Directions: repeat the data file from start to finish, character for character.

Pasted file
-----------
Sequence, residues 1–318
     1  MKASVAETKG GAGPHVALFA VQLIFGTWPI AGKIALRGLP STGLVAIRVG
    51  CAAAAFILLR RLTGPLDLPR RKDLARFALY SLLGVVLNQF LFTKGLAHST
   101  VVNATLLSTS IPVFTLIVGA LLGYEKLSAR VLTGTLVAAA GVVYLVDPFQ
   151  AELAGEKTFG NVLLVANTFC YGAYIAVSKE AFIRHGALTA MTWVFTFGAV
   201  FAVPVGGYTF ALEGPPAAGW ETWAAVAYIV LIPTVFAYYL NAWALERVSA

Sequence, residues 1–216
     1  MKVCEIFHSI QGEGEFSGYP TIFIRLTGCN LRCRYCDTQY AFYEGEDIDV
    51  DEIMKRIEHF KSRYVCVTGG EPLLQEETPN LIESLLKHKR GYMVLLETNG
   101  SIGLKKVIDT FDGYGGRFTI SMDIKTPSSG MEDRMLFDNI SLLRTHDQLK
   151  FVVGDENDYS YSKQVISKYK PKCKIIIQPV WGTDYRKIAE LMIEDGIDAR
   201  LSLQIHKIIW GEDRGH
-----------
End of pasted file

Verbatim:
Sequence, residues 1–318
     1  MKASVAETKG GAGPHVALFA VQLIFGTWPI AGKIALRGLP STGLVAIRVG
    51  CAAAAFILLR RLTGPLDLPR RKDLARFALY SLLGVVLNQF LFTKGLAHST
   101  VVNATLLSTS IPVFTLIVGA LLGYEKLSAR VLTGTLVAAA GVVYLVDPFQ
   151  AELAGEKTFG NVLLVANTFC YGAYIAVSKE AFIRHGALTA MTWVFTFGAV
   201  FAVPVGGYTF ALEGPPAAGW ETWAAVAYIV LIPTVFAYYL NAWALERVSA

Sequence, residues 1–216
     1  MKVCEIFHSI QGEGEFSGYP TIFIRLTGCN LRCRYCDTQY AFYEGEDIDV
    51  DEIMKRIEHF KSRYVCVTGG EPLLQEETPN LIESLLKHKR GYMVLLETNG
   101  SIGLKKVIDT FDGYGGRFTI SMDIKTPSSG MEDRMLFDNI SLLRTHDQLK
   151  FVVGDENDYS YSKQVISKYK PKCKIIIQPV WGTDYRKIAE LMIEDGIDAR
   201  LSLQIHKIIW GEDRGH